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Darwin's Theory Of Natural Selection

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Origin of species
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Darwin was born in England and is most famous for his work on natural selection. He brought about the idea that all species of life have evolved over time from common ancestors. This process involves favourable traits participated in the process and became more common in successive generations of living things. At the same time, unfavourable features became less common. He presented compelling evidence from his detailed research that included a five-year voyage on the HMS Beagle, besides developing the idea of natural selection.
Darwin wrote a book On the Origin of Species in 1859. Here he detailed much of his research on natural selection. A lot is contained on the evidence to back up his
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His claim was supported by the long episodes of gradual change in organisms in the fossil record. Also on the fact that no naturalist had observed the sudden appearance of a new species during the historical period. Biologists and palaeontologists have documented a broad spectrum of slow to rapid rates of evolutionary change within lineages since that theory.
Darwin later provides evidence that evolution occurred. Here he supported the idea of branching, adaptive evolution without directly proving that selection is the mechanism. He presented supporting facts drawn from many disciplines. This was to show that his theory could explain a myriad of observations from many fields of natural history. The fields were inexplicable under the alternate concept that species had been individually created. Darwin's argument structure showed influence on the philosophy of science. He maintained that a mechanism could be called a Vera causa (true cause) with the demonstration of its existence in nature, ability to produce the effects of interest and its ability to explain a broad range of observations. Darwin’s arguments were that species changed through processes that were subject to laws of nature. He presented natural selection as a scientifically testable mechanism. This was by accepting that other mechanisms such as inheritance of acquired characters were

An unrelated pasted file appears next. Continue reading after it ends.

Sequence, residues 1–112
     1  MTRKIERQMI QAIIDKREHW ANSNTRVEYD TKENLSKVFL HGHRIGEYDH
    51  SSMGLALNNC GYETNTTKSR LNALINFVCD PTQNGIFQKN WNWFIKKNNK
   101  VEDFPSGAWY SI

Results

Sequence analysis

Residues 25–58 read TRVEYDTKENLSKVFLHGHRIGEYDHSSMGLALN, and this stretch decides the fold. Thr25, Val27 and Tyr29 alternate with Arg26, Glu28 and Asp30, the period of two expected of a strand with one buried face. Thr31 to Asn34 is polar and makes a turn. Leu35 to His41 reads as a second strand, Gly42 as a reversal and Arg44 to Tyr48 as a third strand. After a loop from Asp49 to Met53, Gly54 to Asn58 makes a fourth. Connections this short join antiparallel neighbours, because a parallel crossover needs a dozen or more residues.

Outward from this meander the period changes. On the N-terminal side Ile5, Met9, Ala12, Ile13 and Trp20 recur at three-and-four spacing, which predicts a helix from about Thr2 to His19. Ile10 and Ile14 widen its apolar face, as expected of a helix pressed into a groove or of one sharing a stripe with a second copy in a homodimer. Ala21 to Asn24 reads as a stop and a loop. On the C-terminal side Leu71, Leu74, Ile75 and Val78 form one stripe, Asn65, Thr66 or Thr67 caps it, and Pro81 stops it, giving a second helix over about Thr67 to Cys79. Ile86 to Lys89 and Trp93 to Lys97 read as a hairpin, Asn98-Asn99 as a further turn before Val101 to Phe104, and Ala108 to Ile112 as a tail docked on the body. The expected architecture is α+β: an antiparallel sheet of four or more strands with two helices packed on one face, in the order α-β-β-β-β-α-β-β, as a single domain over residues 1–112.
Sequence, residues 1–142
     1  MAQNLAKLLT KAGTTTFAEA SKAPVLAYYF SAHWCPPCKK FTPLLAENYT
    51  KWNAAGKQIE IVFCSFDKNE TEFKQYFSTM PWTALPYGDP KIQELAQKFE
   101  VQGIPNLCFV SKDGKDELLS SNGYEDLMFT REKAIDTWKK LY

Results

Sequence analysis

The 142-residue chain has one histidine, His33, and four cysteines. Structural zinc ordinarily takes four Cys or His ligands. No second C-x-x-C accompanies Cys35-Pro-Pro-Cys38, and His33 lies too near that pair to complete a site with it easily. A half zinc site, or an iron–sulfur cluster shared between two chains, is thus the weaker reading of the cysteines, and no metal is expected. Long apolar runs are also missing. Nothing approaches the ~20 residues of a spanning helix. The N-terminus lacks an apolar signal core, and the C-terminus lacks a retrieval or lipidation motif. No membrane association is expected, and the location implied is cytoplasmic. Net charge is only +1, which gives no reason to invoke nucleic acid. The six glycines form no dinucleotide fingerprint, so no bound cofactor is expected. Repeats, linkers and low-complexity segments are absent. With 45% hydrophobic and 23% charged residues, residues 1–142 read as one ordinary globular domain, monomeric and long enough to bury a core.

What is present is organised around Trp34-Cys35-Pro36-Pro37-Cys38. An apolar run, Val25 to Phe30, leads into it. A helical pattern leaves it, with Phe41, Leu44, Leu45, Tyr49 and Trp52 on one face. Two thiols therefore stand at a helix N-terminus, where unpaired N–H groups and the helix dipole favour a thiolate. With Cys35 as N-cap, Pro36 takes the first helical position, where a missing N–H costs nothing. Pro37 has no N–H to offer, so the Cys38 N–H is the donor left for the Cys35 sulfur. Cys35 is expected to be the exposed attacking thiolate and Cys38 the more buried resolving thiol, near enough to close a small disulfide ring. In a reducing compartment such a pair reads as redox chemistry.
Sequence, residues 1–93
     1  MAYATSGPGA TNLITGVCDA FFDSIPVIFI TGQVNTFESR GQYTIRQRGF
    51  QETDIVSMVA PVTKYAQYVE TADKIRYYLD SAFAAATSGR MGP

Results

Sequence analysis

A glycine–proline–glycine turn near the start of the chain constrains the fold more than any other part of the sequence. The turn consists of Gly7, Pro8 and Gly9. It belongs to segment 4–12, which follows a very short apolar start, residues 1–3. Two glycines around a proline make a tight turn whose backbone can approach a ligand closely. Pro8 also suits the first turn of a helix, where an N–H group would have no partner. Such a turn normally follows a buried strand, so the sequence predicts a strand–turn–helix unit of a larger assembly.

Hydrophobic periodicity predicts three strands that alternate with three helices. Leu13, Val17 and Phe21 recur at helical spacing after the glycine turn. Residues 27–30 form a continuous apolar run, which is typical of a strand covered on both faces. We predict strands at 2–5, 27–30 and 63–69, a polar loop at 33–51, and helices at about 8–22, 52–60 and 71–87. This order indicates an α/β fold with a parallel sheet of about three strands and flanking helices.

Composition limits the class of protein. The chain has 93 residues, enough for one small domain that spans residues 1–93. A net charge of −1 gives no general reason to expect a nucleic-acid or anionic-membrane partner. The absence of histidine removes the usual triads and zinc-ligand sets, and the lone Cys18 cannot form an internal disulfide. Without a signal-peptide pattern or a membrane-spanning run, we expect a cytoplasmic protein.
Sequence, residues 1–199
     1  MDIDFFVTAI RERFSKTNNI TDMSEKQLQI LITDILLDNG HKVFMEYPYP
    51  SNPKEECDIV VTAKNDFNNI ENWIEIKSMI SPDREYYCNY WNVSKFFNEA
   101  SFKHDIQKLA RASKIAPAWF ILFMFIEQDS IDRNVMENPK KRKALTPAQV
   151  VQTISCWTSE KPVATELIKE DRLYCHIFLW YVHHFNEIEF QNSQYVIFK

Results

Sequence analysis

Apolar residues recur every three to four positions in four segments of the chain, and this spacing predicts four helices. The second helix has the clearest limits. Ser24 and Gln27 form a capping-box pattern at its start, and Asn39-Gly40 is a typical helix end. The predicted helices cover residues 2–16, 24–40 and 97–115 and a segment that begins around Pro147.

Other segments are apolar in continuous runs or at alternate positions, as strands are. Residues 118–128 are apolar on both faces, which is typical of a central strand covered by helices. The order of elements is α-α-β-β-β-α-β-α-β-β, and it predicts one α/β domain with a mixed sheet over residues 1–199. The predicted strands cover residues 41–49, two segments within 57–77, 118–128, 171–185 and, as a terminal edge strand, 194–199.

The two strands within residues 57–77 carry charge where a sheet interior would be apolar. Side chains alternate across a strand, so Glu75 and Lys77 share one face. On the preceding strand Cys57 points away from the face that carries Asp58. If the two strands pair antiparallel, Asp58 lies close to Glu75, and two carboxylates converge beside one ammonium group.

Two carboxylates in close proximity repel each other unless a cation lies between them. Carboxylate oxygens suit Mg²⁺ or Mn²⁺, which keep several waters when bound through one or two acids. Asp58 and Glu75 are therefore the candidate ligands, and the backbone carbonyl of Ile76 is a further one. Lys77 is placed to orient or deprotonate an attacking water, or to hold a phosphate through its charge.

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In his strategy, most scientists accepted that evolution occurred, but few thought natural selection was significant. Darwin's theories came from the findings of field naturalists studying biogeography and ecology. Here he argued out on the intuitive truth that species are fixed objects created by design.
Darwin's rhetorical way of unravelling the problem centred on efforts on demonstrating the species barrier. He found it different from what he had traditionally thought. He achieved this using a close study of domesticated productions in an attempt to no practical limit towards the changes which breeders could bring about over successive generations. Species were only well-marked varieties and inquiry was ostensibly secondary to his primary task. This explains how new species could come about by natural means. His studies provided the main path to the discovery of the theory and its most effective
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